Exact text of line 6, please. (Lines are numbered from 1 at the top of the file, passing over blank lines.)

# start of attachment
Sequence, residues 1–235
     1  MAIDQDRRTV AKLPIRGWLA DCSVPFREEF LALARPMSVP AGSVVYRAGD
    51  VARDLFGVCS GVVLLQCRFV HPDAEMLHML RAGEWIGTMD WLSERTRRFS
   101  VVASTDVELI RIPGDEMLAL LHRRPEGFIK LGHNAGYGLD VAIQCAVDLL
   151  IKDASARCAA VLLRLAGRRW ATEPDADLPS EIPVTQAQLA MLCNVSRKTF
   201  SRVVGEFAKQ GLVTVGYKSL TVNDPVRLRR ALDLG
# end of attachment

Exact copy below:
   201  SRVVGEFAKQ GLVTVGYKSL TVNDPVRLRR ALDLG